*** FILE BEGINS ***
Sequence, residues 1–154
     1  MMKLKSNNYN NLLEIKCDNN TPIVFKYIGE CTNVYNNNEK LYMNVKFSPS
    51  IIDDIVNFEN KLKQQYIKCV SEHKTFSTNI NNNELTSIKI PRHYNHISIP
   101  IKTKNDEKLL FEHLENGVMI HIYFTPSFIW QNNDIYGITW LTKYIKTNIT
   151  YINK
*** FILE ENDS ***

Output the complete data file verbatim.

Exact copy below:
Sequence, residues 1–154
     1  MMKLKSNNYN NLLEIKCDNN TPIVFKYIGE CTNVYNNNEK LYMNVKFSPS
    51  IIDDIVNFEN KLKQQYIKCV SEHKTFSTNI NNNELTSIKI PRHYNHISIP
   101  IKTKNDEKLL FEHLENGVMI HIYFTPSFIW QNNDIYGITW LTKYIKTNIT
   151  YINK